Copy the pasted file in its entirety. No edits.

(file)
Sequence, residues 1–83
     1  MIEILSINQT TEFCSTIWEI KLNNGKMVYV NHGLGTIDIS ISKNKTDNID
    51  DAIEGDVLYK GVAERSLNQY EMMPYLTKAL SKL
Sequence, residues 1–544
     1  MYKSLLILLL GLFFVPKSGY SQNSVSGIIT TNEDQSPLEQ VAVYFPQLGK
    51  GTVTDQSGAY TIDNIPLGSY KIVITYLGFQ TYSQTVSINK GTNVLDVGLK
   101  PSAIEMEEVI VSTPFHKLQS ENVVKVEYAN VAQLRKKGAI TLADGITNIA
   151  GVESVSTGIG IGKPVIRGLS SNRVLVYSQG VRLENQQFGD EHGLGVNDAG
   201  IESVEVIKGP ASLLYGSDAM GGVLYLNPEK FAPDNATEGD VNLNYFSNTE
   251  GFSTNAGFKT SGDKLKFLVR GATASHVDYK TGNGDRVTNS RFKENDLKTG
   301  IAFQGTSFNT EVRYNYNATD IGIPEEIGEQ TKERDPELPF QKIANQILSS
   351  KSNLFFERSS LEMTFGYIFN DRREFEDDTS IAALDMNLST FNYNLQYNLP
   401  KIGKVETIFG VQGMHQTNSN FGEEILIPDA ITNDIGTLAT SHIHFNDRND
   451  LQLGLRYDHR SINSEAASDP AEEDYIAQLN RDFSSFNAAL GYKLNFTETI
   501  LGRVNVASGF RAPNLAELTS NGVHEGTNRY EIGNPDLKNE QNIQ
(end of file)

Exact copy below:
Sequence, residues 1–83
     1  MIEILSINQT TEFCSTIWEI KLNNGKMVYV NHGLGTIDIS ISKNKTDNID
    51  DAIEGDVLYK GVAERSLNQY EMMPYLTKAL SKL
Sequence, residues 1–544
     1  MYKSLLILLL GLFFVPKSGY SQNSVSGIIT TNEDQSPLEQ VAVYFPQLGK
    51  GTVTDQSGAY TIDNIPLGSY KIVITYLGFQ TYSQTVSINK GTNVLDVGLK
   101  PSAIEMEEVI VSTPFHKLQS ENVVKVEYAN VAQLRKKGAI TLADGITNIA
   151  GVESVSTGIG IGKPVIRGLS SNRVLVYSQG VRLENQQFGD EHGLGVNDAG
   201  IESVEVIKGP ASLLYGSDAM GGVLYLNPEK FAPDNATEGD VNLNYFSNTE
   251  GFSTNAGFKT SGDKLKFLVR GATASHVDYK TGNGDRVTNS RFKENDLKTG
   301  IAFQGTSFNT EVRYNYNATD IGIPEEIGEQ TKERDPELPF QKIANQILSS
   351  KSNLFFERSS LEMTFGYIFN DRREFEDDTS IAALDMNLST FNYNLQYNLP
   401  KIGKVETIFG VQGMHQTNSN FGEEILIPDA ITNDIGTLAT SHIHFNDRND
   451  LQLGLRYDHR SINSEAASDP AEEDYIAQLN RDFSSFNAAL GYKLNFTETI
   501  LGRVNVASGF RAPNLAELTS NGVHEGTNRY EIGNPDLKNE QNIQ